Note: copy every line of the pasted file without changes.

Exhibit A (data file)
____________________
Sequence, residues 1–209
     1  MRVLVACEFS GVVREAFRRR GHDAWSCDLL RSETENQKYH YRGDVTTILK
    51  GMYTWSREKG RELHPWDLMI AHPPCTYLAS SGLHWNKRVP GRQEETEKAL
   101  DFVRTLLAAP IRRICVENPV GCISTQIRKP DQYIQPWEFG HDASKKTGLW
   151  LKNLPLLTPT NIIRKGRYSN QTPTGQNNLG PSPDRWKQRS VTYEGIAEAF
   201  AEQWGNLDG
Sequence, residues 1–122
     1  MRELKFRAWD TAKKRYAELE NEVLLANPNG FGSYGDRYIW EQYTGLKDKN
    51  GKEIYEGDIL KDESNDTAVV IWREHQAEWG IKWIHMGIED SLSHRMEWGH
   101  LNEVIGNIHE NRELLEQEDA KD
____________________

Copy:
Sequence, residues 1–209
     1  MRVLVACEFS GVVREAFRRR GHDAWSCDLL RSETENQKYH YRGDVTTILK
    51  GMYTWSREKG RELHPWDLMI AHPPCTYLAS SGLHWNKRVP GRQEETEKAL
   101  DFVRTLLAAP IRRICVENPV GCISTQIRKP DQYIQPWEFG HDASKKTGLW
   151  LKNLPLLTPT NIIRKGRYSN QTPTGQNNLG PSPDRWKQRS VTYEGIAEAF
   201  AEQWGNLDG
Sequence, residues 1–122
     1  MRELKFRAWD TAKKRYAELE NEVLLANPNG FGSYGDRYIW EQYTGLKDKN
    51  GKEIYEGDIL KDESNDTAVV IWREHQAEWG IKWIHMGIED SLSHRMEWGH
   101  LNEVIGNIHE NRELLEQEDA KD